The amount paid for a property in a transaction in which neither the buyer nor the seller is being forced into the contract. Typically this value will be set by looking at the sale prices of similar properties in the same area.
A term used in Scotland to refer to property where the owner has the right to decide who inherits the property.
A term used in Scotland to refer to the ownership of both a property and the land on which it is built. The closest equivalent in England and Wales is Freehold.
The point at which the borrower can expect the first rate adjustment under a variable rate loan.
A legal right under which the holder (of First Charge) has first call on the property in the event that the borrower defaults on repayments.
A mortgage that is the primary lien or first claim against a property.
A purchaser who is buying a property for the first time. Typically a lender will offer more attractive deals for first time buyers. Also known as First Time Purchaser (FTP).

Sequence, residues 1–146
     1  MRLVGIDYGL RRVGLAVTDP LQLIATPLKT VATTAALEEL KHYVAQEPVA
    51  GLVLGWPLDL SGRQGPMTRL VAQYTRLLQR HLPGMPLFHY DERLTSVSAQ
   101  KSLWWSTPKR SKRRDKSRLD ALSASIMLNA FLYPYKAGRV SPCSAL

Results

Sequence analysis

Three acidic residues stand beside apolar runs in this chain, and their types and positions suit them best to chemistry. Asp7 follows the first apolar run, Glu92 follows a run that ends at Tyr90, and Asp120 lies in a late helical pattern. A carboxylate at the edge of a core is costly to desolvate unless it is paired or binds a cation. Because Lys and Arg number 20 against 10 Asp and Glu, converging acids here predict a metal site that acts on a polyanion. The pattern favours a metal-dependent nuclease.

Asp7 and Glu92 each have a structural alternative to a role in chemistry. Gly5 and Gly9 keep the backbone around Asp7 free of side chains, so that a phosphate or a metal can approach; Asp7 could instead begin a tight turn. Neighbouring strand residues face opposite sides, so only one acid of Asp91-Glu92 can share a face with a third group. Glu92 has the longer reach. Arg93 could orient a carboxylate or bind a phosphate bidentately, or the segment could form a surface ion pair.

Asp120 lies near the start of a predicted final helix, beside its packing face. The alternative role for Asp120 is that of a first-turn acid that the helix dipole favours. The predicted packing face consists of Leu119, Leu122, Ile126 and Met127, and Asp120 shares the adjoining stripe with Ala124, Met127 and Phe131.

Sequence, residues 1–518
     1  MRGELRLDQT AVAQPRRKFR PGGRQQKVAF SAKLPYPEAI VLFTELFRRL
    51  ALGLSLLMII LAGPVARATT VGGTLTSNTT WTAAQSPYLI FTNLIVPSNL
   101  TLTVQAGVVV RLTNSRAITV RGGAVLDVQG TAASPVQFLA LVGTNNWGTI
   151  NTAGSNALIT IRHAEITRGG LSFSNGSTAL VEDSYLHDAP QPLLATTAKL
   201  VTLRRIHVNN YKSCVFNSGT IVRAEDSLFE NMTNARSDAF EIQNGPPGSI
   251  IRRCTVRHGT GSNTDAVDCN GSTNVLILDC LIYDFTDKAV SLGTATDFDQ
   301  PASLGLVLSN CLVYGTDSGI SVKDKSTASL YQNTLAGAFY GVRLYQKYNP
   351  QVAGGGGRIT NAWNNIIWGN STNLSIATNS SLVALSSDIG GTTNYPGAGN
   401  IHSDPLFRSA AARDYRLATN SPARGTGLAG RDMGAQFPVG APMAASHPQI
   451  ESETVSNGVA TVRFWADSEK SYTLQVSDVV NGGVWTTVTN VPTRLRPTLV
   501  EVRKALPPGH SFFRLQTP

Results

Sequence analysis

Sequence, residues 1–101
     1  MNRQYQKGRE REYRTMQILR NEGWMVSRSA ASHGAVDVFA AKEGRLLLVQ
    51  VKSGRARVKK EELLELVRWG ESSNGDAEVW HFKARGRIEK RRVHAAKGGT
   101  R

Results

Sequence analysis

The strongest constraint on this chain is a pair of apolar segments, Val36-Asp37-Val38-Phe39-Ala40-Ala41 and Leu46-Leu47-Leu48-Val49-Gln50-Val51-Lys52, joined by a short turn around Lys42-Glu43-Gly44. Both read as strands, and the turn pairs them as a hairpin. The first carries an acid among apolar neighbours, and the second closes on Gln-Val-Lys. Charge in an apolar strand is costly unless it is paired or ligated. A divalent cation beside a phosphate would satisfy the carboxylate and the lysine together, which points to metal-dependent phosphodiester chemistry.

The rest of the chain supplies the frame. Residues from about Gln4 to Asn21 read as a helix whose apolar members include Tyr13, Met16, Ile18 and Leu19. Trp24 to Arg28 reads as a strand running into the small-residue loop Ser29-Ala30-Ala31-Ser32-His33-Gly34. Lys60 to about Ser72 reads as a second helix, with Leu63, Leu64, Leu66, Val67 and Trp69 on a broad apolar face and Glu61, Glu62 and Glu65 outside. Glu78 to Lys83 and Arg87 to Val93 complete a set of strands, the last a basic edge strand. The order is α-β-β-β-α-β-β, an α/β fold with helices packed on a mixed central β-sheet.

A mortgage under which the rate of interest has been fixed for a specified period of time.
Under a fixed term mortgage, this is the specified period during which the rate of interest has been fixed.
A flat or apartment that is located above a retail property. Lenders may view such a property as a higher risk category and adjust their mortgage offer accordingly.
A facility written into a mortgage that allows a borrower to access additional funds.
A mortgage that allows the borrower to make over- or under payments, or take a payment holiday.
A mortgage that is taken out in a currency other than sterling. Typically used by people who are paid in foreign currency, this type of mortgage carries a higher risk for the lender (due to foreign currency fluctuations) and the rates may be adjusted accordingly.
A situation whereby the owner owns both the property and the land on which the property is built. See also Feuhold (Scotland)
The stage in a mortgage application at which the prospective borrower has provided credit check and other financial information.
A situation whereby the lender makes available another loan and under which both loans are included within first charge on the property. This is normally used to consolidate debt or pay for improvements to the property.